It shows what kind of a need there is for a facility like this and we just opened a new pediatric BMT Unit at the Floating Hospital for Children, which is a state of the art unit and facility. We’ve actually incorporated a mini-Neely House right inside the unit so that parents can be that much closer to their children. So we’re very fortunate with the support we’ve gotten over the years and — to be honest – the foundation was built on support from hockey fans in the early going.
|12.09.08 at 3:08 pm ET|
While he didn’t take part in any contact drills on Tuesday, Bruins defenseman Aaron Ward felt good about returning to the ice after a left leg injury that has forced him to miss the last three games.
“That’s the approach now,” Ward said before joining the team on its sojourn to Washington for Wednesday’s game against the Capitals. “Only have taken seven days off, I can’t have lost a whole lot. To touch a puck and to play around with it rather than sit out three weeks and miss it, that’s why I’m taking the road trip, hopefully start skating a little bit more aggressively and hopefully go from there. But there doesn’t seem to be much of a need right now. I can take my time.
“It’s just the pace of the game, getting your head up and playing with the puck, especially this team, so much more demanded from a defenseman in terms of putting the puck in the right place and reading the play and understand where you’re supposed to be. That’s the essential part of it all,” he said.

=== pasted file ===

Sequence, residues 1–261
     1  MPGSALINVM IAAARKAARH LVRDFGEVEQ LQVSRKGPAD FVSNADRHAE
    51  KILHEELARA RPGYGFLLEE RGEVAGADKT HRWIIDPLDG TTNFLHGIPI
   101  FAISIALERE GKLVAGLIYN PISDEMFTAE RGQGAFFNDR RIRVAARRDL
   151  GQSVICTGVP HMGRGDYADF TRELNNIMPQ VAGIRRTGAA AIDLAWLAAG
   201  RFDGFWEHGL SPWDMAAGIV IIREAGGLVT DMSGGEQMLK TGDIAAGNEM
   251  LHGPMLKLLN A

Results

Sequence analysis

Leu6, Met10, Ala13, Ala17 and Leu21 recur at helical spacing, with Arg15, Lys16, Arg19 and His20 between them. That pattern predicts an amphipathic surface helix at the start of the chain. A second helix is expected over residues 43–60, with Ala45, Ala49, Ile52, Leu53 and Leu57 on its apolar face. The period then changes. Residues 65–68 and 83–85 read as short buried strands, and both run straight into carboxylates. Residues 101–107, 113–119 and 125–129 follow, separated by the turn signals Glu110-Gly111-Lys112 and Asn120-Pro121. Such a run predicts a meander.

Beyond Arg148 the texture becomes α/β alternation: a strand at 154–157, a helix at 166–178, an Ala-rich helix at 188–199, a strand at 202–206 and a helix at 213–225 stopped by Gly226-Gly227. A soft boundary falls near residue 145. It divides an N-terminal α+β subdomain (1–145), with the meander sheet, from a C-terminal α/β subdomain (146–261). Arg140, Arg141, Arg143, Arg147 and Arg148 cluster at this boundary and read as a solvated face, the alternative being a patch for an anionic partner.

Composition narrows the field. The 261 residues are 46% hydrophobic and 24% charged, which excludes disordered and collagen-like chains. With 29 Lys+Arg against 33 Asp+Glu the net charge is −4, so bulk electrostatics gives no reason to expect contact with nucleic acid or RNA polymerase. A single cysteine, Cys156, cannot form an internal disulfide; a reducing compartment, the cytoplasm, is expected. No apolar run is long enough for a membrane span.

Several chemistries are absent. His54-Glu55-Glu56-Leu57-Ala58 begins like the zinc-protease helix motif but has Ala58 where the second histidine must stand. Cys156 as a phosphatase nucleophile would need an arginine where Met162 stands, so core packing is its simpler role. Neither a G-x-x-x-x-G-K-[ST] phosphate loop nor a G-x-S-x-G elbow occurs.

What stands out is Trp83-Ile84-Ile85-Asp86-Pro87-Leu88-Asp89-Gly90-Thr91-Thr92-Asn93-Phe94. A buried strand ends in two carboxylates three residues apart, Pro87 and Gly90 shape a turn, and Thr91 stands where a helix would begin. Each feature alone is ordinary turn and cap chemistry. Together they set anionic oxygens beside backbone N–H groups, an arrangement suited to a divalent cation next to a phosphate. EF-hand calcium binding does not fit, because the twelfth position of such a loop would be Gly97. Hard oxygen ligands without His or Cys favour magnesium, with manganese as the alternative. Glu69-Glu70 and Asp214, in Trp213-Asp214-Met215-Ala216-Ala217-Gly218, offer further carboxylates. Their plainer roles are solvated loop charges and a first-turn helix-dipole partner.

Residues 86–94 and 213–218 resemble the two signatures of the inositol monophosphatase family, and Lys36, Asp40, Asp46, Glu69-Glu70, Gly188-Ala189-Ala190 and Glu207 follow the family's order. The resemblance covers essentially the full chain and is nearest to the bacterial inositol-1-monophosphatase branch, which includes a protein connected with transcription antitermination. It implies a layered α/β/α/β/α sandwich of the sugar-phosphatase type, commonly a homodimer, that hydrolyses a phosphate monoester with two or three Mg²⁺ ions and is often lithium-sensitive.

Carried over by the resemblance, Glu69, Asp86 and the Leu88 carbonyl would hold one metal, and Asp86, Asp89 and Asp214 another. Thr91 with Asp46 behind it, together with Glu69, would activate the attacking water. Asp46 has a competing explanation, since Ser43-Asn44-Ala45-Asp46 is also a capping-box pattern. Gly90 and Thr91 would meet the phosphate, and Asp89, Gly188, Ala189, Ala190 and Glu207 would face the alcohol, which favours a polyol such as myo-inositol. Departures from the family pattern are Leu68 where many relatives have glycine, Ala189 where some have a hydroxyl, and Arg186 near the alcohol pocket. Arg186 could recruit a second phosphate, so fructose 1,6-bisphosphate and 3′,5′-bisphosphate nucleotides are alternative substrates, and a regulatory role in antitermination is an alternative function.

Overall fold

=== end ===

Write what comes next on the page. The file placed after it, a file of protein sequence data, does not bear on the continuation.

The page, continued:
While Ward is having fun watching the team continue to roll along, there is some tension knowing that other younger players are coming up and could make an even better impression.
“It’s a double-edged sword,” Ward said. “You don’t want to be supplanted from where you feel where you might add to the team.”
One of those younger players is Vladimir Sobotka, who was recalled on an emergency basis following Monday’s game after Stephane Yelle collided with a linesman and suffered a minor rib injury.
“I was on the first line in Providence, playing on the power play some,” Sobotka explained Tuesday. “Here I’ll be on the fourth line. I admit I’ll be a little nervous before the game (on Wednesday).”
As for Ward, he said he doesn’t expect to return on Wednesday.
If I were a wagering man, I’d say no. But again, (Wednesday) is another step in the recovery process,” Ward said.
The always artful Ward also made the following observation about Sean Avery’s pending punishment from the NFL for his untoward remarks about a former girlfriend and his brotherhood of NHL skaters.
“How happy Plaxico Burress is that Avery shot his mouth off and now no one knows who Plaxico is,” Ward said.